A fifteen-foot accordion book adorned the center of the gallery on Thursday when artist Michael Hubbard showcased his collection of different media platforms at the Hartnett Gallery.
The exhibit shares its name,“Eleven Love Songs,” with the accompanying book by Hubbard.
The book consisits of 22 pages, intended to be read as pairs. One page bears a poem and its partner, a painting. Each represents a revolutionary woman, historical or contemporary. They depict eleven women;hence the title of the show.
The poems were created by taking words, phrases, verses, and quotes from four books of poetry : Christine De Pizan’s “Book of the City of Ladies”, Valerie Solanas’ “Scum Manifesto”, Taslima Nasrin’s “All About Women” and Claude Cahun’s “Heroines”.
“This process felt like it’s other people’s words that I am pulling in and creating something different. ” Hubbard said, while addressing the students at a lecture held in Gowen room.
Hubbard draws inspiration from the Riot Grrrl movement of the nineties, and consequently used the punk artists of that time–such as Kathleen Hanna and Tobi Vail, both of Bikini Kill–as his subjects.
“I’m fascinated by the fierce, youthful, anti-establishment rage of the people portrayed.” Hubbard wrote in his artist statement.
Each subject in his book and paintings represent an angry revolutionary feminist who Hubbard can associate as a “punk rock heroine.” They are as old as the first century British queen Boudica who fought against the Romans and as contemporary as Sampat Pal, a rural Indian woman who leads a group of intimidating pink saree-clad women, moving from village to village to redeem women in distress.
These women are also geographically very diverse, ranging from Harriet Tubman, American abolitionist of the 19th century, to the French surrealist Claude Cohen.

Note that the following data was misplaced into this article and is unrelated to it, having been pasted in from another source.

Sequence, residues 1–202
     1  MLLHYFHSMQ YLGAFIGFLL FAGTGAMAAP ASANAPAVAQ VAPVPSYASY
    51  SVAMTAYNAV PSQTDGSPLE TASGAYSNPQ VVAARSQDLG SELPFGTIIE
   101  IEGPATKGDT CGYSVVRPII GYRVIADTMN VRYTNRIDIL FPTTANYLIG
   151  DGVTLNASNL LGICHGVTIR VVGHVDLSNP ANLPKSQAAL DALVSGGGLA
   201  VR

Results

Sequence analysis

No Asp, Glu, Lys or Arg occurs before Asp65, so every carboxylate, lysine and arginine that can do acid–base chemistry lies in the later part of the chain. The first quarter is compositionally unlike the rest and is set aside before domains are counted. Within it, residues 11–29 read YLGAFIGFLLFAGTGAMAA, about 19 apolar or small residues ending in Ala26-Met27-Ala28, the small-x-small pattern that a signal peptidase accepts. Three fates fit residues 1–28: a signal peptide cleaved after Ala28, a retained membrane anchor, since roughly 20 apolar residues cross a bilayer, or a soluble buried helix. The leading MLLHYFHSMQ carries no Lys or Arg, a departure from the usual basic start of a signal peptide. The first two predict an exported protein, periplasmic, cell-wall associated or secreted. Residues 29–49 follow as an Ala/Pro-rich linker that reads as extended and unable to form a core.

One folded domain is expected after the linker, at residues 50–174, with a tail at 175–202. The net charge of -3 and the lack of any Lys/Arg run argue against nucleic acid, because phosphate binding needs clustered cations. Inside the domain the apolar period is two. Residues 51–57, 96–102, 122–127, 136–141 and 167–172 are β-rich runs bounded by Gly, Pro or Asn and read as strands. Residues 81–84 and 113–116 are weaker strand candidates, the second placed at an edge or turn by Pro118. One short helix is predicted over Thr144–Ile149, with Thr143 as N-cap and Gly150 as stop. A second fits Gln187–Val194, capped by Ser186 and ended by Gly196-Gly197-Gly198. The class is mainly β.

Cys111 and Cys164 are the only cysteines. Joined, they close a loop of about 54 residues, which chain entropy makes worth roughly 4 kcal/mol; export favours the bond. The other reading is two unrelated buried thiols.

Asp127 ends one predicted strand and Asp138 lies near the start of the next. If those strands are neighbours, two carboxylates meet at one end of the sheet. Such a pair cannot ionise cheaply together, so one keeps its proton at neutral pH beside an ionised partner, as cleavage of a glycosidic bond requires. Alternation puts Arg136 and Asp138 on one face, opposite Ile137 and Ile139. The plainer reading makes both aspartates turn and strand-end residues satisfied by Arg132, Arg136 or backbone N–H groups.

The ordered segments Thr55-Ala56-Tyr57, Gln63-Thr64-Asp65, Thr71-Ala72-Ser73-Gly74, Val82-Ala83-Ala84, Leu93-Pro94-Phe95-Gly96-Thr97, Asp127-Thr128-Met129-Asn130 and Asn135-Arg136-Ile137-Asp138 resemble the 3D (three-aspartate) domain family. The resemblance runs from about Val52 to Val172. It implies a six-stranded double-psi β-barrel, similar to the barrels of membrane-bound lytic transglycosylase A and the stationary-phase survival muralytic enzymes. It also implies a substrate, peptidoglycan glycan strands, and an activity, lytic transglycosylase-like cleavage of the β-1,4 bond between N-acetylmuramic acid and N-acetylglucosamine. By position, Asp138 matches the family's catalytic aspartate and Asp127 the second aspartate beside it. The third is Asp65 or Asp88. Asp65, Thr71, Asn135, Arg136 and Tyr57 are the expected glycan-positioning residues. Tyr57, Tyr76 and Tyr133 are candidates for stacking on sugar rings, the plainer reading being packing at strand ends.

Hubbard would put images on top of each other and then use them as references for his paintings.
“I think as an artist you are always struggling to make people spend more time with your art,” Hubbard said. “This is a forceful way that I think someone is going to spend a little bit extra time.”
The bold colors on the canvas and the overlapping of different frames of the imagery convey the woman’s disposition.
“It’s not a simple straightforward portrait of [a] person looking at you with their face in a certain composition,” Hubbard said. “You see a little bit personality happening there because of the different facets going on at the same time.”
One of the main attractions of the exhibition is the nine mix tapes, complete with headphones and cassette player. Each tape represents one of the eleven women who are also part of the book.
“The task was to pick out songs that I felt in some way represent the story of this person’s life,” Hubbard said.
The motive of these mixtapes is not to give an account of this woman’s story but to use songs as a medium through which to convey the feeling that Hubbard associates with the “punk revolutionary feminist”.
The current political climate has also shaped the centerpiece of this exhibition. “Eleven Love Songs” underwent significant changes after the election results came out.
“It became much more angry,” Hubbard said before reciting the last poem in the lecture—“Valerie Solanas.”
The exhibit will be on display until Feb. 19.